China Goes Green
How can China's characteristic speed and innovation be applied to finding sustainable energy solutions?
- China already boasts some 60% of the world's installed solar water heater capacity, and 30 million households use solar power.
- A new coal-fired power plant opens every ten days in China.
- At present, sustainability in Chinese cities is no more than a faint spark against a vast, dark field.
- The Chinese central government has set itself a target of 12% of total power capacity from renewable energy sources by 2020.
- No fossil-fueled cars or trucks will be permitted on Chongming Island, where transportation will be handled instead by solar-powered water taxis and hydrogen buses.
China’s central government has launched a string of promising reforms in recent years aimed at reducing China’s collective environmental impact.
In a rare example of self-criticism in January 2007, the central government admitted that China failed to meet its own goals for environmental protection, its “ecological modernization” lagging far behind economic and other achievements.
One of the most promising pieces of legislation is the Renewable Energy Promotion Law, passed in 2005 and implemented a year later.
As conveyed by Article I, the law was intended to “promote the development and utilization of renewable energy… diversify energy supplies, safeguard energy security, protect the environment and realize the sustainable development of the economy and society.”
Especially emphasized were renewable energy sources — wind, solar, tidal and hydroelectric, geothermal and biomass. The central government has further set itself a target of 12% of total power capacity from renewable energy sources by 2020.
Indeed, despite the fact that a new coal-fired power plant opens every ten days in China, the nation may yet show the world how to go green.
For all the automobiles crowding onto its city streets, China is also building more miles of subway and light-rail public transportation than any nation on earth.
China already has the world’s largest biofuels plant and the world’s largest solar plant, a 100-megawatt facility in Dunhuang, Gansu Province, that dwarfs its closest rivals — a 12-megawatt plant in Germany and an 11-megawatt facility under construction in Portugal.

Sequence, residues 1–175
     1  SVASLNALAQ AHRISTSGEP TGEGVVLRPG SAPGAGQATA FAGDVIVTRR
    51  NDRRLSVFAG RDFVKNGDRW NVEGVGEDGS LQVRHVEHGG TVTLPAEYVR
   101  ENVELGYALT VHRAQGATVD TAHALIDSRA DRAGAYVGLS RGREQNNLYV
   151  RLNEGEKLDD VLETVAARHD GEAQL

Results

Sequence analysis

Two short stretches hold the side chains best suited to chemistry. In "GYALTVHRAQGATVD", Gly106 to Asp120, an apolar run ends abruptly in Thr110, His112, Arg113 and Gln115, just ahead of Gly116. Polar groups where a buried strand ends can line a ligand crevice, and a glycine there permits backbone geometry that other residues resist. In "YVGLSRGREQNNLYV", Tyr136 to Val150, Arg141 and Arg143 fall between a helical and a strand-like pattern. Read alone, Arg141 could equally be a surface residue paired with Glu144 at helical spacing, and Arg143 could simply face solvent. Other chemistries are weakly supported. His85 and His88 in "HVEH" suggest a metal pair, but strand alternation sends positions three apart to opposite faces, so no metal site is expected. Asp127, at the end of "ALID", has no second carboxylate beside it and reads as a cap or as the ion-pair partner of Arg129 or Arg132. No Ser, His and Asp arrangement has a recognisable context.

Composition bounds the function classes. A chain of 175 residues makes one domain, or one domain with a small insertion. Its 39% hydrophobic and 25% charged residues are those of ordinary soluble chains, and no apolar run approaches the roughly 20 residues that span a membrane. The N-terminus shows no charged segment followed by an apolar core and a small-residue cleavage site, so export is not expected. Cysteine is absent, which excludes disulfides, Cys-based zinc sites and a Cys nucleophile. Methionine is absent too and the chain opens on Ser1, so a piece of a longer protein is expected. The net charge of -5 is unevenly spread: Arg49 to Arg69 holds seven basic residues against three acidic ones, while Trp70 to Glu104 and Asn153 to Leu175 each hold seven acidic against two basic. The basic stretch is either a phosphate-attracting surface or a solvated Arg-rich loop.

In February 2007 China announced plans to earmark some 200 million acres of woodland for biomass production and to plant trees on more than 600,000 acres of land in Yunnan and Sichuan provinces for similar purposes.
China’s installed wind-power capacity has been growing exponentially, and the Global Wind Energy Council has predicted that by 2020 China could be drawing 150 million kilowatts of energy from the wind — surpassing Germany, Spain and the United States to become the world’s leading producer of wind power.
China already boasts some 60% of the world’s installed solar water heater capacity, and an estimated 30 million households nationwide use solar power of one form or another.
Ready-to-install A-frame solar units come complete with a water tank and are sold at any major home-improvement store, displayed out front the way garden sheds are in the United States. Needless to say, no such ready-built solar equipment is available in the United States, where low-voltage garden lights are about the only solar-powered thing readily available at home-improvement stores.
In September 2005, Shanghai officials approved a measure to install more than one million square feet of solar panels on rooftops across the city, in addition to several solar power plants.
In the early morning, from my 12th-floor office window in Nanjing, I could see the sunlight glinting off hundreds of solar water-heating units on the rooftops of the city below — a comforting sight indeed.